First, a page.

The reptiles included 2 anacondas, 7 American alligators, 1 caiman, 1 alligator snapping turtle, 6 green iguanas, 1 Argus monitor lizard, 1 Nile monitor lizard, 1 savannah monitor lizard, 4 ball pythons, 2 Burmese pythons, 5 Colombian boas, 4 gopher snakes, 3 kingsnakes, 1 rattlesnake, 2 red-tailed boas, 1 reticulated python, 2 rock pythons, 1 Colombian tegu, 4 desert tortoises, 1 leopard tortoise, 1 ornate box tortoise, 8 Russian tortoises, 16 sulcata tortoises, 4 box turtles, 20 red-eared sliders, and 2 snapping turtles. There was also a pond containing numerous koi fish.
The domestic animal count consisted of 3 alpacas, 2 dogs, 13 pigs (large hogs as well as pygmy pigs), 7 goats of varying breeds, 3 llamas, 1 mule, 9 horses, 2 sheep, and 3 rabbits.

The CDFW stepped in to take control of the facility and ensure the wild animals were properly cared for while they identified new homes for them in sanctuaries or zoos around the country. DACC staff was there daily for ten months, assisting the CDFW and providing care for the domesticated animals.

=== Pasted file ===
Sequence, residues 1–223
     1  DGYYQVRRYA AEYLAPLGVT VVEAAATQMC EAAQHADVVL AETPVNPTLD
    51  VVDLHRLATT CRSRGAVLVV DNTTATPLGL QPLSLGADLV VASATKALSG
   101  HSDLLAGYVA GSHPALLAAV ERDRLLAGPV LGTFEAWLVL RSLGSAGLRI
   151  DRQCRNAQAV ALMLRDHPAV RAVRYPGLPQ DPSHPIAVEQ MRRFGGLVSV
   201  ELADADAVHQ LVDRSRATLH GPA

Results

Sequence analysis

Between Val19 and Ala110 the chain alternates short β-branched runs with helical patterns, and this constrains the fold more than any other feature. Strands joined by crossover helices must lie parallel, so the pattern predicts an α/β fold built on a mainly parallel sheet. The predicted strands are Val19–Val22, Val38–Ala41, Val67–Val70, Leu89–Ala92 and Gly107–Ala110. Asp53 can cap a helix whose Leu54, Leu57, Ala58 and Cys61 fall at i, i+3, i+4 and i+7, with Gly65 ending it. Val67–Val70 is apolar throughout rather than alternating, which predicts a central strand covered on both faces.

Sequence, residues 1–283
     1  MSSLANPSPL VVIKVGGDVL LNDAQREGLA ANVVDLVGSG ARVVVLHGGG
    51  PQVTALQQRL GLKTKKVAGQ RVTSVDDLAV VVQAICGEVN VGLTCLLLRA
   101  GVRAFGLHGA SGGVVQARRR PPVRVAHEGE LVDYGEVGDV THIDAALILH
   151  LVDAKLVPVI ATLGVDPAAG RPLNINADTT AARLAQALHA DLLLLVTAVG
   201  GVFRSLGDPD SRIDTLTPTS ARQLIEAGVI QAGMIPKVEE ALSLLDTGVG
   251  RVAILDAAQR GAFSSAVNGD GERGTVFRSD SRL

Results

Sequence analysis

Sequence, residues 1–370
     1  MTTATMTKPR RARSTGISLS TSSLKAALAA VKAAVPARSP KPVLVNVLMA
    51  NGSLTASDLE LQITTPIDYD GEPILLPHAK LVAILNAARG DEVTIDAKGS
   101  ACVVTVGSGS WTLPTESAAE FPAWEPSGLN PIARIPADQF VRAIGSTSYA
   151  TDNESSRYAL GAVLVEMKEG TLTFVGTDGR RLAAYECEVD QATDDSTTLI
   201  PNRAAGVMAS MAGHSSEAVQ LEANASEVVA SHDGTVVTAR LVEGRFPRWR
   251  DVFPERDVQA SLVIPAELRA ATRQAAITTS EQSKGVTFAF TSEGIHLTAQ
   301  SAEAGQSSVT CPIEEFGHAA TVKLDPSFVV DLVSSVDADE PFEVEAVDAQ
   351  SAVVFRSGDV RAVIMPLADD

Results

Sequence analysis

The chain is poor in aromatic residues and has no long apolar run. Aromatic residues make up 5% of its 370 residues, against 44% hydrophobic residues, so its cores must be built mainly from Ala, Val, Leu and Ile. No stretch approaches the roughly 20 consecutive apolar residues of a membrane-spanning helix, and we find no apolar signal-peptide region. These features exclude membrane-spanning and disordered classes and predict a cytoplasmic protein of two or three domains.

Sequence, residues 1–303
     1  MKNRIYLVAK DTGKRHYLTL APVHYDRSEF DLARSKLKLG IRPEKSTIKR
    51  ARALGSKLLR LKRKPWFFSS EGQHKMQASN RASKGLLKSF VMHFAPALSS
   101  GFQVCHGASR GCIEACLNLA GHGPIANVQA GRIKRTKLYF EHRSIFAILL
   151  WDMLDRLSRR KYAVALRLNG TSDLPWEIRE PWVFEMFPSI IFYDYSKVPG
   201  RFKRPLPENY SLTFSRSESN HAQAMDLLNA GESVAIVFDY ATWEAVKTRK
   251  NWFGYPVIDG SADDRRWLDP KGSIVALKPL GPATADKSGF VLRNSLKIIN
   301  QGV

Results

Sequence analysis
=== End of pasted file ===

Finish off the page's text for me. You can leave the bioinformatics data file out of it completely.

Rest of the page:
DACC handled the rehoming of all the domestic animals, birds, and bison. The bison joined the existing bison herd at William S. Hart Park in Newhall and can be seen by visitors today. Our Equine Response Team volunteers helped with the trailering and transporting of the animals, and one volunteer (a fish specialist) handled the relocation of the koi fish. It was a very successful partnership and all the wild animals were placed with zoos or other sanctuaries, except for the chimpanzees. They will be rehomed when the receiving sanctuaries’ facilities currently under construction are finalized for their arrival.